- Intense limb cramps, causing you to kick around
- Feeling heavy
- Craving the drug intensely
- Cold sweats
If you experience any or all of the above withdrawal symptoms after long term dependence on the drug, you will also be at risk of contracting serious complication or even dying. This is especially so if you also suffering from other existing medical conditions and addictions.
Most heroin addicts are oblivious to the dangers the drug possess on their lives and general well-being. For instance, you never know what the dose you bought was mixed with, or if it will lead to an overdose or certain death.
Recent studies affirm that after five years of continued use, the average user has a 90% risk of contracting hepatitis C. If you take the drug intravenously, you also carry a high risk of contracting and transmitting HIV (and a variety of other diseases) after sharing needles.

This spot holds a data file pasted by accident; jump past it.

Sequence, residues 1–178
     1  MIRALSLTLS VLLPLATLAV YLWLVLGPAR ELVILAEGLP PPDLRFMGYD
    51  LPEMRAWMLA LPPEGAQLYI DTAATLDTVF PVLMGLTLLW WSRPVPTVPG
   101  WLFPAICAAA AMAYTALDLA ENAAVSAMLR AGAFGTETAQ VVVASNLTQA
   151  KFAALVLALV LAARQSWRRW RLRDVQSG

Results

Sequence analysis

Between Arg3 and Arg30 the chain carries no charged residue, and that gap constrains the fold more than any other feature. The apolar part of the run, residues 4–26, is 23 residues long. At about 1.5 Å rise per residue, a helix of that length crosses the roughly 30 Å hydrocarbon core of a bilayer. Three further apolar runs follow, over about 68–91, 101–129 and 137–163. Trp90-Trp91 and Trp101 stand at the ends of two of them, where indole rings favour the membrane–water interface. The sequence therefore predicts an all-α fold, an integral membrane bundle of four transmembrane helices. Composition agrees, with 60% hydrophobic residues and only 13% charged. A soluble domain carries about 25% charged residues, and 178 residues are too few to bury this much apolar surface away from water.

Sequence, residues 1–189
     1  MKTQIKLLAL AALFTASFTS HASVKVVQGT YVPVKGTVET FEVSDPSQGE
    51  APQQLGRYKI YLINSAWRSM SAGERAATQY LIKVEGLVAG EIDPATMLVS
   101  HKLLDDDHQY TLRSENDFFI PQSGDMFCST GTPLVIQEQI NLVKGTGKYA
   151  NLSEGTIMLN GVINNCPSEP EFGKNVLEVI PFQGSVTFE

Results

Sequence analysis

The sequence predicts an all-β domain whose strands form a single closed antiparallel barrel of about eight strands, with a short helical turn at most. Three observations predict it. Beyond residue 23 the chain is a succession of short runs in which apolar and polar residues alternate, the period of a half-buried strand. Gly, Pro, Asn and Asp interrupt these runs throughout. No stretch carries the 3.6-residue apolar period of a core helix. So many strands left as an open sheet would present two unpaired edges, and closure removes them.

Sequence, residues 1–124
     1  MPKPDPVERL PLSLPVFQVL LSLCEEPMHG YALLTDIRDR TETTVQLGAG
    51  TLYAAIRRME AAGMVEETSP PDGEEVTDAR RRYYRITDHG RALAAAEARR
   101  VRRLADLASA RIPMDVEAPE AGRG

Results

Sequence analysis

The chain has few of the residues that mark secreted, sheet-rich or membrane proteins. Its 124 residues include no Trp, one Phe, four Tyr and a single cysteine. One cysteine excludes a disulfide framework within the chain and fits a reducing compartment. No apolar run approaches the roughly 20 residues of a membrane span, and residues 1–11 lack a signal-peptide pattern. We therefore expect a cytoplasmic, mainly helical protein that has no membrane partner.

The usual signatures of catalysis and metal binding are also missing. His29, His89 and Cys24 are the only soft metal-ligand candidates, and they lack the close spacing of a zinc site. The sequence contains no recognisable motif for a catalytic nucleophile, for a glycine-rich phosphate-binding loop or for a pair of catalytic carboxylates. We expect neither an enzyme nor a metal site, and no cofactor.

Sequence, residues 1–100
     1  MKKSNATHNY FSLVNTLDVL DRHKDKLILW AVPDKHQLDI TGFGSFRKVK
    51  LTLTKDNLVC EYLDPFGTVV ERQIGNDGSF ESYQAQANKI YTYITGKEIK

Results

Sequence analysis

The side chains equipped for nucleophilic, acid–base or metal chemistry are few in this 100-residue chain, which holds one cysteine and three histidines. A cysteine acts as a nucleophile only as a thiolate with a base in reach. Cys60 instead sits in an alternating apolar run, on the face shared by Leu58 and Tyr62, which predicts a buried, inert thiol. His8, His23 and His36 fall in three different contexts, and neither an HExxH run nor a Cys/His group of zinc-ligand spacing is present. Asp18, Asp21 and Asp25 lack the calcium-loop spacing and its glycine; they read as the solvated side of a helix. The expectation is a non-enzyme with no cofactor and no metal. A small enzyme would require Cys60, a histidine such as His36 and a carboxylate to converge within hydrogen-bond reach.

Signs And Symptoms Of Heroin Abuse
Some of the signs and symptoms of heroin abuse include:
- Burnt spoons
- Tiny baggies
- Whitish or tan powdery residue
- Dark sticky residue
- Small glass pipes
- Rubber tubing
- Tiny pupils
- Sleepy eyes
- Tendency to sleep and nod off
- Slow breathing
- Flushed skin
- Runny nose
- Slurred speech
- Complaining of constipation
- Complaining of nausea
- Neglected grooming
- Failure to eat
- Covering the arms with long sleeves
Treatment For Heroin Addiction
Anyone seeking treatment for heroin addiction, as well as their families and loved ones, should understand that the typical withdrawal symptoms are not deadly. However, they can prove to be extremely uncomfortable and dangerous.
As such, most addicts will have a hard time trying to quit - which is why they will soon go back to the drug to escape the pain and suffering caused by the sudden withdrawal.
The best solution to heroin addiction, therefore, lies in a wholesome treatment of the condition as supervised by a qualified medical team and conducted in the right facilities, and programs.
In most cases, you will start with detox treatment before you transition to a more comprehensive rehab program to continue your recovery. After that, you will receive community support, outpatient services, and drug, alcohol, and mental health counseling until you recover fully and get back to normal, everyday society.